MTPR

birds

A few young birds walk among the carcasses of pelicans and double-crested cormorants killed by two-inch hail and 70 mph wind Sunday, Aug. 11, 2019, at Big Lake Wildlife Management Area west of Molt.
Monana Fish, Wildlife and Parks

More than 11,000 waterfowl and wetland birds were killed by hail Sunday at the Big Lake Wildlife Management Area west of Billings.

Loon Calls: From Inquisitive To Bone-Chilling

Jul 29, 2019
When a boat steers too close to a nest, the owner loon will snap its bill open and closed, transforming air into wavy notes that writer John McPhee described: “If he were human, it would be the laugh of the deeply insane.”
(PD)

Loon calls flow through our veins, seep into our bones and sinew. For a moment, we become the wild flute music that curls into every recess of the lake. The echo pulses within us long after the stillness returns.

Loons call in four ways, each carrying a meaning that, at some level, humans have come to understand.

Viktoriia Radchuk, an evolutionary ecologist at Berlin's Leibniz Institute for Zoo and Wildlife Research, wanted to know how animals were responding to climate change.

So she scoured the results of more than 10,000 animal studies — on species from frogs to snakes, from insects to birds to mammals — looking for information on how changing environments were affecting animal behavior. Based on the available data, she decided to focus on birds in the Northern Hemisphere.

Birds Of A Feather Flock Together ... To Bathe In Ants?

Jul 7, 2019
A blackbird sunning ... or is it anting?
Hornbeam Arts (CC-BY-NC-2.0) https://www.flickr.com/photos/hornbeam/9272137714

Anting is a bizarre form of bird behavior that has often been observed but is not well understood. It typically involves a bird picking up ants and rubbing or jabbing them into the feathers, especially under the wings and tail. The action is so rapid and vigorous that the bird will often knock itself over onto the ground.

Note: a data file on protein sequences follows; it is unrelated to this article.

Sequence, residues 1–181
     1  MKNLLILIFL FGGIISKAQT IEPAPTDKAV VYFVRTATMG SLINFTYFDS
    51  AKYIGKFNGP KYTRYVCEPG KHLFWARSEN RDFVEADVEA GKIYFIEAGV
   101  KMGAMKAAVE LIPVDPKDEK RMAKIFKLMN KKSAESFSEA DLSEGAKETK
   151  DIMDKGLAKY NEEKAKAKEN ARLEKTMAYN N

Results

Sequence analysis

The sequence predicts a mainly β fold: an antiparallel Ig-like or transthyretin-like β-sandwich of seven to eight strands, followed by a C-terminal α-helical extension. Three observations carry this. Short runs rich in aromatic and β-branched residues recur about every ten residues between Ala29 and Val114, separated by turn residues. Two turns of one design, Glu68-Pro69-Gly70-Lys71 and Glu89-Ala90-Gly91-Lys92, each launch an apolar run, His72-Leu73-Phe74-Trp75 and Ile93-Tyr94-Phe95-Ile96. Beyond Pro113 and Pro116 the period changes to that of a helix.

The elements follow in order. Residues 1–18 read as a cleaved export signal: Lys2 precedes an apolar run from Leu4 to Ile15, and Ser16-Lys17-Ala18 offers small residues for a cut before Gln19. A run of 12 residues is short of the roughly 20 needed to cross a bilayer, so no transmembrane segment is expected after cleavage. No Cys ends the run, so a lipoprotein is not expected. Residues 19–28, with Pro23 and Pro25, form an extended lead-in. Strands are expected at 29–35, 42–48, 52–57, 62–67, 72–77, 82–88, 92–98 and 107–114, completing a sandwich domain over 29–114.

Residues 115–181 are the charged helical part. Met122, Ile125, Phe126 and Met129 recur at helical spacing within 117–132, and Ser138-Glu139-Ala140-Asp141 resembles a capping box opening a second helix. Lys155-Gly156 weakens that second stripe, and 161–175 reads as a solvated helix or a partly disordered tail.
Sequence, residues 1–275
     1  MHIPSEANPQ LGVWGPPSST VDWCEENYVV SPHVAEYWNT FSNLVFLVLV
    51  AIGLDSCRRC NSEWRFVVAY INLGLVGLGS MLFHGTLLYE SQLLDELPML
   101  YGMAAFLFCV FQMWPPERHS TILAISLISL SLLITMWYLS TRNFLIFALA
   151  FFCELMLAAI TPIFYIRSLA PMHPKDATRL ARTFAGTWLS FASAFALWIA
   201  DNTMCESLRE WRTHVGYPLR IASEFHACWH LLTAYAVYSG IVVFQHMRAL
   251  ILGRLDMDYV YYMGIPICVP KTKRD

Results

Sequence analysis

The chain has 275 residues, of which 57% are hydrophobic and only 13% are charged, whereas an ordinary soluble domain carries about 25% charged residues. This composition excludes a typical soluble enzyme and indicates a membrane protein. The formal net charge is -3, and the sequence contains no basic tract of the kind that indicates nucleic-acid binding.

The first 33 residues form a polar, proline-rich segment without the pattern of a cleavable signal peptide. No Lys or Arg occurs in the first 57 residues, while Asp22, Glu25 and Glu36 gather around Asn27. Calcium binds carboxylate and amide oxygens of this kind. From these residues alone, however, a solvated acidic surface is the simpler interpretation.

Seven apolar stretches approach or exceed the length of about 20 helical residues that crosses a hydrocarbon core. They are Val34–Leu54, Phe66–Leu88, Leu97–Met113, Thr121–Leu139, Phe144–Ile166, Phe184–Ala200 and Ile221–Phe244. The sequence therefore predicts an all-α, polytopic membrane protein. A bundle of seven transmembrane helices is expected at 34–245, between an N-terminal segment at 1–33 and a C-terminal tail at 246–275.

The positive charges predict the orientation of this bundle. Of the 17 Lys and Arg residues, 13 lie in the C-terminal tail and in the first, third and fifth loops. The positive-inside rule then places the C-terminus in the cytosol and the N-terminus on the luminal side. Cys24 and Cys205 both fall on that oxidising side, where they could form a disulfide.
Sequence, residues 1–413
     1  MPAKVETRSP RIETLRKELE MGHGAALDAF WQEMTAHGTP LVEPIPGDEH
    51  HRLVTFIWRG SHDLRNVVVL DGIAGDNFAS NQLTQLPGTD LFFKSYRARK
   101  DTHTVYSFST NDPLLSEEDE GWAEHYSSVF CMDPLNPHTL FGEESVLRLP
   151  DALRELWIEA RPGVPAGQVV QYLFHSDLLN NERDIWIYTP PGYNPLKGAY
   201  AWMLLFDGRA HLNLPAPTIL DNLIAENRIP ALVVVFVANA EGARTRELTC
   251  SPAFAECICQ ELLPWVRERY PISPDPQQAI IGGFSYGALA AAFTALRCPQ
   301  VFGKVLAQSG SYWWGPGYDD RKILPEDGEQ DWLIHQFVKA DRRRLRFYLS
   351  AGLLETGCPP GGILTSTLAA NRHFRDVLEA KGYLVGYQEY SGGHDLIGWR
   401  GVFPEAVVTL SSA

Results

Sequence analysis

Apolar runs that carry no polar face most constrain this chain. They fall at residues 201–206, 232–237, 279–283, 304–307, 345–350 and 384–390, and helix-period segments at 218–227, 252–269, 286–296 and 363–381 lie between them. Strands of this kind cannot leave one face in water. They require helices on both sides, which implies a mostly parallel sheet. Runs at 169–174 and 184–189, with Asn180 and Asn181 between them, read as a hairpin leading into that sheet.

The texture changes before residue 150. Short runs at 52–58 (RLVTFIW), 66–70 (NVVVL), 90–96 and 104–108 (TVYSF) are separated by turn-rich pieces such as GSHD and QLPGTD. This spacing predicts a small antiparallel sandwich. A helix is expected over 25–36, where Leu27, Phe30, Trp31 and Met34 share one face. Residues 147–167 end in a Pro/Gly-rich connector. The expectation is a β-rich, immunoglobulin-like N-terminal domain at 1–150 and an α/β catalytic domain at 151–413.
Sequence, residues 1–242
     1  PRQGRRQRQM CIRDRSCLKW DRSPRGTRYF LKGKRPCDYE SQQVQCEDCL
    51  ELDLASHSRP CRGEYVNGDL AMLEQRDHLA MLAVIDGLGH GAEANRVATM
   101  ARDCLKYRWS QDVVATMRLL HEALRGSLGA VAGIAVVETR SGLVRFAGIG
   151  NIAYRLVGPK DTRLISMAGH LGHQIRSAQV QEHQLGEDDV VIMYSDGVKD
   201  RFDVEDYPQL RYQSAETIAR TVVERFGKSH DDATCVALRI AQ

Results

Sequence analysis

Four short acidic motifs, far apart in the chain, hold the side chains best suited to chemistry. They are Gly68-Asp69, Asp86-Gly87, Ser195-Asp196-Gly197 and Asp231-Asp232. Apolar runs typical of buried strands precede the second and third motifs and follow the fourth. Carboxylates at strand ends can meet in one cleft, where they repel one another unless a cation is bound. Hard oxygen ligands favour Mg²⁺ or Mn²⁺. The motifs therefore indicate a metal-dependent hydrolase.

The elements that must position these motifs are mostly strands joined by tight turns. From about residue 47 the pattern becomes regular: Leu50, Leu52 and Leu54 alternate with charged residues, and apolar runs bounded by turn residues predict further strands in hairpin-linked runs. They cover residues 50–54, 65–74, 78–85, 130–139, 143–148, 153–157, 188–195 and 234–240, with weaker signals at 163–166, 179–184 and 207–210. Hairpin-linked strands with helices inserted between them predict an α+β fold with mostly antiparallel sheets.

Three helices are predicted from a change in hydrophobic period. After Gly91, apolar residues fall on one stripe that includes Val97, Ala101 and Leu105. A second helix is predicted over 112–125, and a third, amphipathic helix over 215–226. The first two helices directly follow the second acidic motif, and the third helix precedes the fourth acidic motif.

Clark's Nutcracker
Ryan Mitchell (CC-BY-2.0)

As a bird biologist who studies bird songs, I immediately recognize most sounds I come across in nature: the winnowing of a Wilson’s Snipe, the smack of a Dark-eyed Junco, the zee-chubbity-chub of a Rufous Hummingbird, just to name a few. For me it is a matrix of sound, as diverse and varied as the surrounding landscape. When I hear a strange sound in nature, I can’t give up until I determine its source.

Western meadowlark.
Kevin Cole (CC-BY-2 https://creativecommons.org/licenses/by/2.0)]

It’s spring in the Rocky Mountains, the air is filled with birdsong and my feathered neighbors are back again. Recently, a pair of American robins arrived and set up housekeeping in the neighbor’s maple tree, just as a pair did last year. There’s a song sparrow in residence again in the lilacs near the creek, belting out its bubbling song. Riding my bike to work takes me past a small field, and sure enough, there’s a western meadowlark back again singing from the same telephone pole and claiming that field for his own.

Flickr user, Ingrid Taylar (CC-BY-2.0)

I’m not sure if I’ve ever been on a river, at any time of year, and not seen a Great Blue Heron. They seem to stand as solitary sentries on the rivers of Montana, but also on rivers from Canada to South America.

Burnt snags in western Montana
Josh Burnham (CC-BY-NC-2)

One of my favorite places to look in the forest is up. I love the way trees frame patches of sky, and how rays of sun slide over the branches and slant into pockets of darkness. On a recent stroll through the woods near Echo lake, I found myself, as usual, looking up. I saw mostly fir and birch trees, and I took their narrow trunks and modest heights as signs of a young forest. But it was a much older tree that caught my eye.

'Field Notes' Investigates Gizzard Grit

Jan 14, 2019
Ruffed Grouse
Flickr user tuchodi (CC-BY-2)

Afternoon sunshine was softening into twilight on a recent fall day as I drove with my family down a forest road in the mountains north of Missoula. We were heading home after a day of hiking and grouse hunting—and we had a blue grouse to roast for dinner. We rounded a bend to find a covey of seven ruffed grouse, milling about in the road and pecking at the gravelly surface. What were they doing?

A group of birders try to identify a group of birds perched in a tree at Council Grove State Park during the Christmas Bird Count.
Rosie Costain


Lou Bruno likes to watch birds, but he calls himself a lazy birder. Especially when he’s at his home in East Glacier during the summers, looking out over a beaver pond.

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